Finding 1000+ Bugs in GCC and LLVM in 3 Years
Recorded 06 October 2016 in Lausanne, Vaud, Switzerland
Event: IC Colloquia - EPFL IC School Colloquia
In this talk, I will describe equivalence modulo inputs (EMI), a general methodology for validating optimizing compilers. The key insight is to exploit the close interplay between (1) dynamically executing a program on some test input and (2) statically compiling the program to work on all possible input. Indeed, the test input induces a natural collection of the original program's EMI variants, which help test any compiler and specifically target the difficult-to-find miscompilations.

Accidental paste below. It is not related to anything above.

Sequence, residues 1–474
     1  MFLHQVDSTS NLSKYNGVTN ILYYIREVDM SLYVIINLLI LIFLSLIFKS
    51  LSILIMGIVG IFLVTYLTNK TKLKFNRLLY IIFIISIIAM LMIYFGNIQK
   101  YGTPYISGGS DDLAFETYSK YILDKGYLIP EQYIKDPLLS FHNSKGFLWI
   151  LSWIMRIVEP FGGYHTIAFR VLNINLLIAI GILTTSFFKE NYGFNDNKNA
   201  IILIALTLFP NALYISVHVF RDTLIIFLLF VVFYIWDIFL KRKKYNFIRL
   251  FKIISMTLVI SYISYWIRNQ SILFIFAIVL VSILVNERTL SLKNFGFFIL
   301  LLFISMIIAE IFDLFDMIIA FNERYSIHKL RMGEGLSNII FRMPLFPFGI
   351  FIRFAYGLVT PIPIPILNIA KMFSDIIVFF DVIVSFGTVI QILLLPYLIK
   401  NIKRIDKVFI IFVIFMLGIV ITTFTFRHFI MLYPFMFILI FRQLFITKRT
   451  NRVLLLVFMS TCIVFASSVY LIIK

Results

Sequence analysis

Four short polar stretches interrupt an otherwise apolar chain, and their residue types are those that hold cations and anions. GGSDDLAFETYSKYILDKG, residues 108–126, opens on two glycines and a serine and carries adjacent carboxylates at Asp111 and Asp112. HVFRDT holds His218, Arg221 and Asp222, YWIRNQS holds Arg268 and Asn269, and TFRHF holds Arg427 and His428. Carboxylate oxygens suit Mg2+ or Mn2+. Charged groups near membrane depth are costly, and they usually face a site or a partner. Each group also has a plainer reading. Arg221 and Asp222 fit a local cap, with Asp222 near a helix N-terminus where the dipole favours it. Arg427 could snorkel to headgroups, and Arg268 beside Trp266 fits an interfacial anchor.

We have developed a series of gradually sophisticated techniques to generate EMI variants by (1) profiling a program's test executions, and (2) stochastically deleting/inserting/mutating code. Our extensive testing to date has led to 1000+ confirmed bug reports for GCC and LLVM alone, of which 600+ have already been fixed. The EMI concept is widely applicable --- beyond testing compilers, it can be adapted to validate program transformations and analyses, and software in general.
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